I had been warned about the landing on Santa Barbara Island and it was just as brutal as I had feared. The surge from a southerly groundswell meant that using the ladder was impossible so I had to make the horrible decision to land my brand new gorgeous Cetus MV on the rocks, fully laden. I did my best to minimize the damage by jumping out of my kayak into the water but believe me the volcanic rock is the worst possible kind and I grimaced as I heard gel coat being scraped from the hull of my beautiful kayak as I heaved it beyond the grasp of the waves. Once ashore it took me two hours to carry my gear and the kayak up onto the dock where I saw a sign warning visitors to enter the water at their own risk as great whites had been witnessed attacking sea lions in the very same cove just a couple of months previously!

It was dark and after an eleven hour crossing and such a brutal landing I was exhausted and didn’t bother with the steep climb to the campsite but instead pitched my tent on the dock and spent the rest of the evening fending off the deer mice that were as bold as can be and determined to steal my food. I wouldn’t have minded sharing but these guys are known to carry the Hantavirus which can be life threatening to humans. Great, I thought – even the mice are deadly!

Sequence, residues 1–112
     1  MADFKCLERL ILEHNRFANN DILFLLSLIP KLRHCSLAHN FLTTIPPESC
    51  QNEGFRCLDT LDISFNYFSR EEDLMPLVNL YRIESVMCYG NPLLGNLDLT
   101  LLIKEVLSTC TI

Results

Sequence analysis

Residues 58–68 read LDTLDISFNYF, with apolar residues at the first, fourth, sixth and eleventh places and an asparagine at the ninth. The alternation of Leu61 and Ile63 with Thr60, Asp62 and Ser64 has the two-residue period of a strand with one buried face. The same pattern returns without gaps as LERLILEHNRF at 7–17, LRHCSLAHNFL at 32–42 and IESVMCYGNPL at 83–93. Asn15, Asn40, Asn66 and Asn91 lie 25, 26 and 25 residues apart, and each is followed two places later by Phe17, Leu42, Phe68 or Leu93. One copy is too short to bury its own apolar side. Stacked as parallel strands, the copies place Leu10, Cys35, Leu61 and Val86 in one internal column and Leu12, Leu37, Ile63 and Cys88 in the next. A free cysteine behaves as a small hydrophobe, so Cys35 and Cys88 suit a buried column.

Unorthodox campsite on Santa Barbara Island - beware the mice!

Unorthodox campsite on Santa Barbara Island – beware the mice!

The next morning I was pleased to see that the surge was less and the launch only took an hour and a bit more gel coat. I was already doubting my willingness to put my new boat through another landing on those rocks but if I was to visit San Nicholas Island, that would be exactly what I would have to do. You are not allowed to land on San Nicholas and so I would have the make the 44 nautical mile round trip and land once more on Santa Barbara Island. I set out for San Nicholas with grim determination to be the first to make it there by kayak but as I left the shelter of Santa Barbara Island I realized that the wind remained from the west and whilst it had reduced to about fifteen knots, it was going to be a very long and very hard paddle to San Nicholas. All sorts of questions and emotions ran through my head and after much debate I made the tough decision to abandon the attempt to reach all eight Channel Islands. To be honest, I just didn’t fancy it. I knew it was possible; I would just need to spend all day and probably all night paddling. But I knew I didn’t want to do it and then face that same landing on the rocks.